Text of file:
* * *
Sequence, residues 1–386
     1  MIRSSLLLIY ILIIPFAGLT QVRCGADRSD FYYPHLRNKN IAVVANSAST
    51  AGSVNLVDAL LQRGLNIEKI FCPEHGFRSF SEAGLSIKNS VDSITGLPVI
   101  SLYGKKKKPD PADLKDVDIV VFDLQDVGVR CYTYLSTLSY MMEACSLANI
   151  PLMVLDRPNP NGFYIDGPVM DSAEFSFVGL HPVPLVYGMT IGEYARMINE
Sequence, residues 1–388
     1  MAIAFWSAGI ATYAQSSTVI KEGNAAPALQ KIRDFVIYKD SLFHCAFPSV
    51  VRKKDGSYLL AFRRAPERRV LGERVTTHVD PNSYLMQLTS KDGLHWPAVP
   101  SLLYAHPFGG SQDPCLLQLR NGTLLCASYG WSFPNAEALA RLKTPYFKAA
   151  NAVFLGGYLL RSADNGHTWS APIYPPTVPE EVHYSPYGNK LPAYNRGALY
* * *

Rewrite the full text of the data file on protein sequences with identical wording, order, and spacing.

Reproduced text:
Sequence, residues 1–386
     1  MIRSSLLLIY ILIIPFAGLT QVRCGADRSD FYYPHLRNKN IAVVANSAST
    51  AGSVNLVDAL LQRGLNIEKI FCPEHGFRSF SEAGLSIKNS VDSITGLPVI
   101  SLYGKKKKPD PADLKDVDIV VFDLQDVGVR CYTYLSTLSY MMEACSLANI
   151  PLMVLDRPNP NGFYIDGPVM DSAEFSFVGL HPVPLVYGMT IGEYARMINE
Sequence, residues 1–388
     1  MAIAFWSAGI ATYAQSSTVI KEGNAAPALQ KIRDFVIYKD SLFHCAFPSV
    51  VRKKDGSYLL AFRRAPERRV LGERVTTHVD PNSYLMQLTS KDGLHWPAVP
   101  SLLYAHPFGG SQDPCLLQLR NGTLLCASYG WSFPNAEALA RLKTPYFKAA
   151  NAVFLGGYLL RSADNGHTWS APIYPPTVPE EVHYSPYGNK LPAYNRGALY